" lie expressed himself very jealously of Nayti, and tried to disparage him: though of the same, tribe, he cannot bear to hear of Nnytes adventures and reception in England. He even would not allow that his name is Nayti, and only knew him as Eriki 'Sono, which being translated, is Lick-Bottom. I was informed by Nayti that Eriki signifies chief; but he has since allowed that it is a nieknanw, corrupted from Dicky, which he acquired in youth. This assumption of rank, which he thinks we value, is, however, to be greatly excused m Nayti; for in London he had every, temptation to assume caste, both by people addressia Lim as Chief, Prince, Sze., and by the free entry its supposed possession itke him to some society."

Although the Pelorus river and the adjacent country were not very pro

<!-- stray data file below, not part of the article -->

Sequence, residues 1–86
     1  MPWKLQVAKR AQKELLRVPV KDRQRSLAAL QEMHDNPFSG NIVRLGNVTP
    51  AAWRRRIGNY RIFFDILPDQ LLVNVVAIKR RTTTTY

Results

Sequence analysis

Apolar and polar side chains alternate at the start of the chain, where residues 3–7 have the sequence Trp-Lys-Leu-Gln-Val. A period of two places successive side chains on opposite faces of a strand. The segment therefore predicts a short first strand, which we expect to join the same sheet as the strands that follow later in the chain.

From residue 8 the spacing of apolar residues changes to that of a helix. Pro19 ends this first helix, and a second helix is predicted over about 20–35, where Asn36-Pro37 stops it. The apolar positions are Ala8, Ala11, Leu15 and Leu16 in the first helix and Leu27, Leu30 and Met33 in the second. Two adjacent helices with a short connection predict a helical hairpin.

mis Mo. Colonel Wakefield had intended to return there and purchase the harbour of the river, which he describes as being "as fine a harbour of refuge as any in the Strait," but, learning that the Church Missionaries had sent a schooner to Port Nicholson with messengers desiring the natives not to sell their land, as "Mr. W—" would shortly arrive there front the Bay of Islands, be resolved to cross the Strait and make at once for Port Nicholson. Here he found a noble harbour and a fine country ; and met with a welcome from the chiefs " Final, an old chief, eagerly inquired the motives of our visit, and betrayed the most lively satisfaction at being informed that we wished to buy the place and bring White men to it. He was followed by Warepori, his nephew, who is fibula thirty-five years old, and has for sonic years superseded the e!,ler chiefs in influence by his prowess in war and skill in the rude arts cultivated by these people. lie also in tine words expressed his desire to see White people here, and his willingness to sell the land, which was solemnly made over to him by the natives of this place five years ago, when the greater virtion of them emigrated to one of the Chatham Islands in an English vessel, whose master they pat tly obliged to carry them. Warepori and the tribes which now inhabit the whole district of Port Nicholson were a little before that time driven out of their own country in the neighbourhood of mama Egmont by the tribes about the boiling springs, and have the same right to this place as Haulier() has to Entry Island, and as the Waikati people have to Kawni, from which they expelled the latter chief. This right is that of posst-sM, ; sanctified in this ease, in the opinion of the natives of all these parts, by th,. ti,rinal cession of the land by the natives who abandoned it, which constitutes the lawful power of use and disposal throughout these islands. Moreover, as regards this district, there is no one who disputes his claim, for the original possessors have made their homes at the Chathams, and having greatly decreased since their departure, would be incapable, if so disposed, to